How to Avoid the Cat Belly Trap

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Cats occupy an unusual niche in nature - they are both hunter and prey. They've adapted well to both roles, but what happens when you trigger those hunting instincts? Becky S. writes:

We recently took in two semi-feral cats from the shelter, and they are awesome. The older of the two, Arlo (he is 4), loves to be petted so much. As you pet him, he throws himself down on his side or back for more love, but then he reaches for you hands as you continue to pet him, and gouges you in his effort to get you to love him more. What to do? It looks as though he is pulling your hand toward him so you will pet him more, but dang! Many hand gouges on mom and dad! I stop petting him then, but he seems confused at this. I think he confuses affection and play. How can we get him to stop “grabbing” us when we pet him?

Becky, what you're describing is what many cat lovers call the belly trap. For most cats, the exposure of their bellies is a hunting maneuver. A cat will grasp their prey in their front paws and roll over onto his or her back in order to use the rear claws to kick at the prey and kill it. So, for Arlo, it may seem that he's rolling onto his back to ask for more petting, and indeed he may be quite happy when he does so, but when you touch him in that position, your touch triggers his hunting instincts and he attacks.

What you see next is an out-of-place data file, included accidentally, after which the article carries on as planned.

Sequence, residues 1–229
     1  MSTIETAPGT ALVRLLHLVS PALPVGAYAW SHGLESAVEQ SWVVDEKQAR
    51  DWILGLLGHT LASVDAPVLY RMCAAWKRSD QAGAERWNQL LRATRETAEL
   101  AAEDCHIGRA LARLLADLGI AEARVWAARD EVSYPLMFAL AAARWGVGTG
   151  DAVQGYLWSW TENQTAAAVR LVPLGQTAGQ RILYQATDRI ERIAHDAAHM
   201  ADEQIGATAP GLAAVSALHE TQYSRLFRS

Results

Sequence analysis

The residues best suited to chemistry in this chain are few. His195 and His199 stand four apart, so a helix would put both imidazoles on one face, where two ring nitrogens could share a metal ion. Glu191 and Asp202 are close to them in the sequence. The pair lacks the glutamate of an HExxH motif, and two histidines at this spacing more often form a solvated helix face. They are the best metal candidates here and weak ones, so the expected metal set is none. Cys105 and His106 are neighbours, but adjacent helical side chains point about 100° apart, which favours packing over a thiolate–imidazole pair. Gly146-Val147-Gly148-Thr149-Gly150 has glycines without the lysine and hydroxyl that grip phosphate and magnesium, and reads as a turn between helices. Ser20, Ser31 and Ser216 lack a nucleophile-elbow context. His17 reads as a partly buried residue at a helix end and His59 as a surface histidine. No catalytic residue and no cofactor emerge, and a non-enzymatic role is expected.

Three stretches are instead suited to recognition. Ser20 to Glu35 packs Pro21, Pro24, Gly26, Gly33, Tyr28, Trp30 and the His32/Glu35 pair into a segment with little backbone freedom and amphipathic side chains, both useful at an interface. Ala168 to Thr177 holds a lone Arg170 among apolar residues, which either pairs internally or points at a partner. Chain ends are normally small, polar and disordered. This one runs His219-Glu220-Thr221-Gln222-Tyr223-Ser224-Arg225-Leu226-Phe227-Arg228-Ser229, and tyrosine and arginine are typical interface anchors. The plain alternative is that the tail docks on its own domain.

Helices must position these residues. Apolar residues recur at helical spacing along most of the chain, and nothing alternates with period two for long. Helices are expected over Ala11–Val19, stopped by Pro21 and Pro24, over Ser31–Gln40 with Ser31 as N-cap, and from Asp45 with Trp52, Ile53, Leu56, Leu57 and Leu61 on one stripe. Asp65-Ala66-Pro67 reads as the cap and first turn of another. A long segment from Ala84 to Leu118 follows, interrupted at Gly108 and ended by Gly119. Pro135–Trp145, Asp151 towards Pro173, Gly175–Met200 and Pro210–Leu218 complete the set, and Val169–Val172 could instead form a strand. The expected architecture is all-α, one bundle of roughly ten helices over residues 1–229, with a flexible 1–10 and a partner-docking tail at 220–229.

This is proper behavior for cats and not something you can change. You just need to be aware of it and avoid touching him when he rolls over like that. Some cats use this move to signal that they're becoming over-stimulated with touch and need a little break. The trick is to read his signals before they escalate. Notice his tail movement. If he's thrashing his tail back and forth, chances are he's being overstimulated and he's telling you he needs you to stop petting him for a few minutes.

Thank you for adopting! All our best wishes to you and Arlo!